While it would be wonderful to speculate on the modern-day value of the fictional ad agency Sterling Cooper Draper Pryce, I'm talking about the more realistic question of how much a product is worth if it's mentioned on the show.
Mad Men is known for using actual brands as fodder for its fictional ad executives. Recent examples include Pond's Cold Cream, Honda, Clearasil, Mountain Dew, Pepsi and, just this week, Samsonite. Then there are the advertisers themselves who have created Mad Men-specific ads for the show. Such brands there include Breyer's Ice Cream, Suave, Dove, Clorox and BMW.
Just looking at numbers the ratings would dictate that the current viewers are down. But those numbers are flawed in that they don't take into account people who watch it later on iTunes (as I did when my Verizon DVR failed to record the episode) nor does it count the people who get the DVDs from Netflix and are behind the current narrative arc.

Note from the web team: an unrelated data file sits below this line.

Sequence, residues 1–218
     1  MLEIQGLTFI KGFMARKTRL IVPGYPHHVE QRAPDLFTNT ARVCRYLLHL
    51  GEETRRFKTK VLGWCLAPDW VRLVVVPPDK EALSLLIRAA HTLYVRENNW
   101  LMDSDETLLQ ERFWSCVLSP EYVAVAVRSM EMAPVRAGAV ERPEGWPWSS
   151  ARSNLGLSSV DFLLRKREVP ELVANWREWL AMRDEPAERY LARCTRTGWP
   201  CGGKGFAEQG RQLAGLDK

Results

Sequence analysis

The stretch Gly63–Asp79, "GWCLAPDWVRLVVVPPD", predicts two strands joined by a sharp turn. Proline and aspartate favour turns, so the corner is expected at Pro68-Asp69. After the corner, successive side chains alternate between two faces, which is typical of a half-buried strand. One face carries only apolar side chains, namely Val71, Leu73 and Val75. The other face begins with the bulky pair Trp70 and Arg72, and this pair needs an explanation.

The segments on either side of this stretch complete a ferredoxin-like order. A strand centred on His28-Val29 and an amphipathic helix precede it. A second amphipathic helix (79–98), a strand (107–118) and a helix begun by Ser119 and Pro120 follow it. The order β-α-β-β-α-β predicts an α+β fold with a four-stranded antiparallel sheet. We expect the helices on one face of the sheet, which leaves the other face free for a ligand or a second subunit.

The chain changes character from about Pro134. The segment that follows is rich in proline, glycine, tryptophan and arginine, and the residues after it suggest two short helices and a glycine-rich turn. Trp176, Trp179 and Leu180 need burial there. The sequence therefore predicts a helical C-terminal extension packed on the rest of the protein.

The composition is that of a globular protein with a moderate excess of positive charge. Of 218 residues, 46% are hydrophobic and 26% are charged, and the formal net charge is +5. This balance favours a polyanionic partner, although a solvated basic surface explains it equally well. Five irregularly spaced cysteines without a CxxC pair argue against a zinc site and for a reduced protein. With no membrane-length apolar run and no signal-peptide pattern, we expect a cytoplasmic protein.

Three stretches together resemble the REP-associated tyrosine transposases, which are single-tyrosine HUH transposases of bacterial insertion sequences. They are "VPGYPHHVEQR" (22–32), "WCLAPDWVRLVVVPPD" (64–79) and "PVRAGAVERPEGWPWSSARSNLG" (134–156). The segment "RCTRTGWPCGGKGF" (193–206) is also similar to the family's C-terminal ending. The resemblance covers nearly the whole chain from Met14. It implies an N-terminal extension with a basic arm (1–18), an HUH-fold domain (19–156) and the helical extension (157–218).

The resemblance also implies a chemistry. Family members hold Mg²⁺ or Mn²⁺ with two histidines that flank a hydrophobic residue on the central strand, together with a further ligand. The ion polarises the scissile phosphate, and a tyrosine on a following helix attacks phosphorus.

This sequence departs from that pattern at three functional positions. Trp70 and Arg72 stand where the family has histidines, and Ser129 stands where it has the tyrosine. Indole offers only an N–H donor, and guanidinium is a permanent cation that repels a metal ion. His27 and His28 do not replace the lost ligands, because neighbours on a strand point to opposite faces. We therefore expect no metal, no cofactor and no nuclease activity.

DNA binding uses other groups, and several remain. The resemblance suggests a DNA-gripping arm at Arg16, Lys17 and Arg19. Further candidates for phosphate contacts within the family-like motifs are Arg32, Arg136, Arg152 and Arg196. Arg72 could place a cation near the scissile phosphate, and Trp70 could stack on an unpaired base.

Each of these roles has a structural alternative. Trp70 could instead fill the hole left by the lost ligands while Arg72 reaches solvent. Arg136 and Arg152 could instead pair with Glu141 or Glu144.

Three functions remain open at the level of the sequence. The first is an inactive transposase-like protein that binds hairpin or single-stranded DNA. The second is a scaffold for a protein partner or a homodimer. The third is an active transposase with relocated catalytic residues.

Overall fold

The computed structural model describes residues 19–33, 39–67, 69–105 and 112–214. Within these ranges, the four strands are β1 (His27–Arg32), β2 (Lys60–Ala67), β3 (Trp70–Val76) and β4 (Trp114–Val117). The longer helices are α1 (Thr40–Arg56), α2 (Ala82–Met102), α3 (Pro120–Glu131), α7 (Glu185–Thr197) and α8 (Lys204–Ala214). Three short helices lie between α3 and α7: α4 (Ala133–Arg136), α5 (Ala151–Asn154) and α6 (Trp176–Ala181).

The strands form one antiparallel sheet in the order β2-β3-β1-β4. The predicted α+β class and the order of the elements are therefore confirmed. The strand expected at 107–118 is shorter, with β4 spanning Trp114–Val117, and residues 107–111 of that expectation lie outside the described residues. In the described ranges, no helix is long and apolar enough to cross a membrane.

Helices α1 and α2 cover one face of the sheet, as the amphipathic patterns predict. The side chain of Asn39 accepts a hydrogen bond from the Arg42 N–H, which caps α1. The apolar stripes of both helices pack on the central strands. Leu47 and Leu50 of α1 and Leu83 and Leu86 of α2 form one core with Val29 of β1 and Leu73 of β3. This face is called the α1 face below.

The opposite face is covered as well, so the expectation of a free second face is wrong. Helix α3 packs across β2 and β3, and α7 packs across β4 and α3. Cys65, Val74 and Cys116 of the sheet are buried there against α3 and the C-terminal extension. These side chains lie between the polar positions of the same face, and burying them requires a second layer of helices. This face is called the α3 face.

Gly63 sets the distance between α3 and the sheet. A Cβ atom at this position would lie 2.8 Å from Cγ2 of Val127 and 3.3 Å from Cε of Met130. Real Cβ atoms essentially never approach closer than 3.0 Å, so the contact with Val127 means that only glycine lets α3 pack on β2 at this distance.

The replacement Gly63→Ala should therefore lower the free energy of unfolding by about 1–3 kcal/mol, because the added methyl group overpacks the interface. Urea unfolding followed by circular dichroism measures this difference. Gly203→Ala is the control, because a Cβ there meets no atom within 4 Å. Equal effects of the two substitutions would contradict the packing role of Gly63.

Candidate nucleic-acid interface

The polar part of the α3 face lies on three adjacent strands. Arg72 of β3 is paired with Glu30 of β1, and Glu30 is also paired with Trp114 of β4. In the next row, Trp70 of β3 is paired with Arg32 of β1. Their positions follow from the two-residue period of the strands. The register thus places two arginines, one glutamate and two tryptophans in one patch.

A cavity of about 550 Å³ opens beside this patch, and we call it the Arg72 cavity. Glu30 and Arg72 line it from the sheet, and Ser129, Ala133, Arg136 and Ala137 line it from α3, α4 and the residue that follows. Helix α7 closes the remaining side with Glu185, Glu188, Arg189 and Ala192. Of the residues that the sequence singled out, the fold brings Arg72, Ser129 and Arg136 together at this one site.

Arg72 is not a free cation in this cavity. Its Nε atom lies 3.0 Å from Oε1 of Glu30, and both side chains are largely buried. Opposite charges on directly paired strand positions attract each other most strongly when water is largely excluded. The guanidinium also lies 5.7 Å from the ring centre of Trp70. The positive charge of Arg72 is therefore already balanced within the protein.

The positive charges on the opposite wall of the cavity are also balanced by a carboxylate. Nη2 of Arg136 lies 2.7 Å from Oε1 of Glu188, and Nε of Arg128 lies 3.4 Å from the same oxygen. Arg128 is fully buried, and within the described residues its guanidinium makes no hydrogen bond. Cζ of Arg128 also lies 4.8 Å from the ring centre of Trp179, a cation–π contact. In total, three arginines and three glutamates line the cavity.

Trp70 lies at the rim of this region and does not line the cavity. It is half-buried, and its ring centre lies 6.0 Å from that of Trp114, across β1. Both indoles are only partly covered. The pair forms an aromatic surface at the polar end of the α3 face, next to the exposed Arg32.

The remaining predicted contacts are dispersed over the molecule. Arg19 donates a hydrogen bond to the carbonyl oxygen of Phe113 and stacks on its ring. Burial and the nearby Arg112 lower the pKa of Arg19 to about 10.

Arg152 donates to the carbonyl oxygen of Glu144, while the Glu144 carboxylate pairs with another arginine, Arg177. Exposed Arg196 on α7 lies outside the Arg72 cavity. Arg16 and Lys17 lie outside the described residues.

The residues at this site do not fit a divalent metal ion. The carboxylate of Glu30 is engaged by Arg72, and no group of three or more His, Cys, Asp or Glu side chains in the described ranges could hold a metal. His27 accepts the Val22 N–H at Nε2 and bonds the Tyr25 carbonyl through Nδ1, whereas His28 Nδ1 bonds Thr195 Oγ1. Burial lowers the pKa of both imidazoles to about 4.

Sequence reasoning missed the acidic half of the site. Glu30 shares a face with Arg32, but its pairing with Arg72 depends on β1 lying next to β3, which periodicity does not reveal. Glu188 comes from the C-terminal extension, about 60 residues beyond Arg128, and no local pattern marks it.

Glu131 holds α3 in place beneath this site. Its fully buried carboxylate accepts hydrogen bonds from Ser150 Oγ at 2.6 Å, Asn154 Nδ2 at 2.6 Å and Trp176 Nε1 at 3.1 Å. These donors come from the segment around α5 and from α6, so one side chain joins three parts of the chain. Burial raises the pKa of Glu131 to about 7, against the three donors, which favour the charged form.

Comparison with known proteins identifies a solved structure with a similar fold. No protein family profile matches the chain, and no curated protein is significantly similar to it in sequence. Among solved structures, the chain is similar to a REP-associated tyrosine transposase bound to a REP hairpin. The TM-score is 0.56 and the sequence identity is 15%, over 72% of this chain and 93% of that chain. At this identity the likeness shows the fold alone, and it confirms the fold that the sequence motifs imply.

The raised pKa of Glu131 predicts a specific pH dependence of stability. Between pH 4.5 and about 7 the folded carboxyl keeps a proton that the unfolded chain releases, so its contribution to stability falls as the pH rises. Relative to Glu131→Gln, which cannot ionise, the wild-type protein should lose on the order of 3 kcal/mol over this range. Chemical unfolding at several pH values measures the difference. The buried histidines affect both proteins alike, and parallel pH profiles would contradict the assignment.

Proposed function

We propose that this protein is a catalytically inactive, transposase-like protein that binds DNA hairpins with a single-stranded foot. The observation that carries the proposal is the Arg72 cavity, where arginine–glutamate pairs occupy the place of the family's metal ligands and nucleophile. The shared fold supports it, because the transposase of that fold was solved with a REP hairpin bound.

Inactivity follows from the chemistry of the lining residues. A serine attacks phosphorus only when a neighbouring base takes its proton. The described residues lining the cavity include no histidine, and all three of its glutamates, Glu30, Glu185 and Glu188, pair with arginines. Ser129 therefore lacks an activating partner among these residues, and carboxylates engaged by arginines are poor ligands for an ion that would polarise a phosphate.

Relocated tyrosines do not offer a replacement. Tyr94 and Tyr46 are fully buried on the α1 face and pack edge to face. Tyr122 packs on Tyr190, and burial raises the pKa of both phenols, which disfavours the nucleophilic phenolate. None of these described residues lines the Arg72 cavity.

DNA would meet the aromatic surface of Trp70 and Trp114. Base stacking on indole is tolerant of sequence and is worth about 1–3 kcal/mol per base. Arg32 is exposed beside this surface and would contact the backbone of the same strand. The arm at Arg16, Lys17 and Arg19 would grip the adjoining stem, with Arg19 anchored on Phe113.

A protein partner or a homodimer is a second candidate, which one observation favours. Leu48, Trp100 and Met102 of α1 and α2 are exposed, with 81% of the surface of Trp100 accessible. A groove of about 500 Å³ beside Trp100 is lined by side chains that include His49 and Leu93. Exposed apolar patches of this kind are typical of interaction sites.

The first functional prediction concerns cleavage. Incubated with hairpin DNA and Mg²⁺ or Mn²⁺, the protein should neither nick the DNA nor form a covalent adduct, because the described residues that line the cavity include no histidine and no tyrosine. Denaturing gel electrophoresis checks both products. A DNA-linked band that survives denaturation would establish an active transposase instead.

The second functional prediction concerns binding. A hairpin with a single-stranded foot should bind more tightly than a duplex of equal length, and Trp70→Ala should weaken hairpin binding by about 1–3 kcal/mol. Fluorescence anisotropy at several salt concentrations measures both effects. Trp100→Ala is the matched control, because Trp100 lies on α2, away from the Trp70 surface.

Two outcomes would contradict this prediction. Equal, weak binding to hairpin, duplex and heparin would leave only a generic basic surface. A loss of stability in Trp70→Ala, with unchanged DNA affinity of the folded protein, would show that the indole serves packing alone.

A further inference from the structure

That said, Todd and I took a look at the Twitter stream to see what chatter happened surrounding the Samsonite brand after Sunday night's show. We did a cursory search earlier in the week and didn't take blogs, Facebook or other social media activity into account, so this is a small sample.
Still, with just 21 tweets from individuals commenting on Samsonite in particular, we estimate the brandreach as 24,394 twitterers (counting followers, retweets, etc). All of the tweets were neutral to positive, so based on our own calculations, Samsonite saw a brandshift (change in attitude) to be +29%, creating a net positive impact on a little more than 70 consumers. You can easily see how you can extrapolate this data out to the greater public, looking at Twitter as your real-time focus group to determine, roughly, if media mentions are having a positive, negative or neutral impact on your brand.
Taken to the individual level, some tweeters expressed their desire to run right out and buy a Samsonite suitcase. This is true even though Draper and his team came up with a relatively lame TV concept (see below). Though, as a Jets fan I loved the idea of using Joe Namath.
There are plenty of other examples of positive Mad Men-related brand shift, like this Esty ad for a "vintage" Samsonite suitcase that uses Mad Men as part of its description.